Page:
Members of the International Group of P&I Clubs are cutting their business relationship with sanctioned Russian shipping giant Sovcomflot (SCF Group).

TradeWinds reported last month that several clubs have already started the process of withdrawing cover from the company.

The protection and indemnity mutuals have been keeping their business relationship with Sovcomflot a closely guarded secret since Russia’s hostilities with Ukraine broke out.

TradeWinds is told that all the members of the International Group will now pull cover in response to global sanctions.

The main clubs that provide insurance cover to Sovcomflot vessels are Skuld, Gard, the North P&I Club, the UK P&I Club and the West of England.

Although the clubs have long-standing business ties with Sovcomflot, the relationship was no longer tenable once the company was named by the UK as a sanctioned outfit.

Banking sanctions against Russia also made it almost impossible for the clubs to pay out on claims in the event of a crew or casualty claim.

Pressure was mounting on P&I clubs to act. The Ukraine government had earlier written directly to the International Group asking it to withdraw cover from Russian shipping companies.

Lower limits

Sovcomflot will be able to find P&I cover from the Russian insurance market, however it will likely be at lower limits than those available through the International Group — and not as widely recognised.

Russian insurers will also be unable to reinsure the risk in the international reinsurance markets because of the growing sanctions network against the country.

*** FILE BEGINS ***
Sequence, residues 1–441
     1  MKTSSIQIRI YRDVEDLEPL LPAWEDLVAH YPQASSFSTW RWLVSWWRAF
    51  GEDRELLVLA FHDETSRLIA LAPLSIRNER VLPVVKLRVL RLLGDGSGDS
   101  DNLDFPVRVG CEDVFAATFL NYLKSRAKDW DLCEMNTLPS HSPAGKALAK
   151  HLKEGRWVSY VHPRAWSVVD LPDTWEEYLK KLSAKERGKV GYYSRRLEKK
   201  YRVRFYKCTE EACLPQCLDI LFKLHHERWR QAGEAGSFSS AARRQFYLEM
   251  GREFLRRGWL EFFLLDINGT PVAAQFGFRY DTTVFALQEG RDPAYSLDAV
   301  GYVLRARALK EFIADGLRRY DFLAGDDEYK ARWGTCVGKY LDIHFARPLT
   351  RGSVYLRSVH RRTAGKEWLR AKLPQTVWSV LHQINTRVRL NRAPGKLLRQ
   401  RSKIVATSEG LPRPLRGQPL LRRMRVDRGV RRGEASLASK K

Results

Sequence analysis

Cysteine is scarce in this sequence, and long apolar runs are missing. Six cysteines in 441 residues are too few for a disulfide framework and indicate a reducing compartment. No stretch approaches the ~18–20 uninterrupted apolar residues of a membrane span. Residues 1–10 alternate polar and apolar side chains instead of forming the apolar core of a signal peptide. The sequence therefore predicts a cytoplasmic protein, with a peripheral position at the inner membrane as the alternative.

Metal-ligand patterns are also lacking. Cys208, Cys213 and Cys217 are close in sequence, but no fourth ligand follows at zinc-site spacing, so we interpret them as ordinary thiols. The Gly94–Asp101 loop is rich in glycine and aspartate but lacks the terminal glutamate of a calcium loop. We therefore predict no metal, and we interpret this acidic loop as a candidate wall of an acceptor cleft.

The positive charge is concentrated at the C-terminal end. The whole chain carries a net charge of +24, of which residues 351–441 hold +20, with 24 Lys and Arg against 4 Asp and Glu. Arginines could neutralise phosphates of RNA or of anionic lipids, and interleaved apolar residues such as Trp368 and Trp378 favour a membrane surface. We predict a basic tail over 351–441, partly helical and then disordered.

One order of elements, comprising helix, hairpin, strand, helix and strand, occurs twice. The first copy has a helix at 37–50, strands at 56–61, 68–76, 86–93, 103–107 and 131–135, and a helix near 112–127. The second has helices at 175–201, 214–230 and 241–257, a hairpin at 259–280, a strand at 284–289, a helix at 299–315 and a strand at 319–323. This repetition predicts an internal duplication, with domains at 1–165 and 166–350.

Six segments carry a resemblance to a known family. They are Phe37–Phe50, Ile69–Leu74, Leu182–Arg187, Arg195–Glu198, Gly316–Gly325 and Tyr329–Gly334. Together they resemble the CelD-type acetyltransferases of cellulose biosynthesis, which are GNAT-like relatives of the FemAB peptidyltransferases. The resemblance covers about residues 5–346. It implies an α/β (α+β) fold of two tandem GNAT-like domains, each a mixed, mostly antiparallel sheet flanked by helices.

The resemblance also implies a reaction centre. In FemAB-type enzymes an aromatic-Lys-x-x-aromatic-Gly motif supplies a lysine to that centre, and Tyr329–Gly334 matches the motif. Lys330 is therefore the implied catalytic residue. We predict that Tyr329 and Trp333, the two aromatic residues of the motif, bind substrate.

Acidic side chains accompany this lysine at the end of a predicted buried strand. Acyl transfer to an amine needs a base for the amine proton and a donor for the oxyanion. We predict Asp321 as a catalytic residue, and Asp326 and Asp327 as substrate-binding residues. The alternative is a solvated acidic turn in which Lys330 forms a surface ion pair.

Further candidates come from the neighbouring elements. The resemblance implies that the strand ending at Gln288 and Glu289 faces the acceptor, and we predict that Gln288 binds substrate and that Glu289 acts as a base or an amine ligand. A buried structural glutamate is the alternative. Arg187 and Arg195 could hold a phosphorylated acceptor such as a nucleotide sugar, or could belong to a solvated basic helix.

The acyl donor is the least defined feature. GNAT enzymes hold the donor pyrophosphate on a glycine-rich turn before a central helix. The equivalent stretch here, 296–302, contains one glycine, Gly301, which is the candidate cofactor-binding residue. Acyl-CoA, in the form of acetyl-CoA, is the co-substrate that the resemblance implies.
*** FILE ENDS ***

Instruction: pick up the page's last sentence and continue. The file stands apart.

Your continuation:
Last week, a UK Parliamentary Committee held a meeting on the potential effectiveness of widening insurance sanctions against Russia.

Marine insurance was a key focus of the discussion, with UK members of parliament raising questions about how P&I cover affects the ability of ships to trade around the world.

The P&I insurers follow classification societies, which have been reducing their links with Russia.

Lloyd’s Register, ABS, DNV and, most recently, Bureau Veritas have announced that they are winding down their business relationship with Russian companies and not accepting any new business.

The moves leave Sovcomflot ships without the classification certification and P&I cover required by international maritime conventions to trade around the world.

Asset freeze

Last month, Sovcomflot closed its office in London to comply with sanctions imposed on the company by the UK government.

The UK arm of the Russian shipowner had undertaken all the commercial management and chartering for the SCF Group, with a particular focus on the international account.

Under the UK sanctions, all Sovcomflot companies and assets in the UK are subject to an asset freeze. Releasing funds from them is the subject of licences that need to be approved by the government to ensure there are no benefits to the parent company.

Sovcomflot has about 140 vessels, of which 80 to 90 are operating on daily commercial management. The rest are on long-term time charters or on spot business.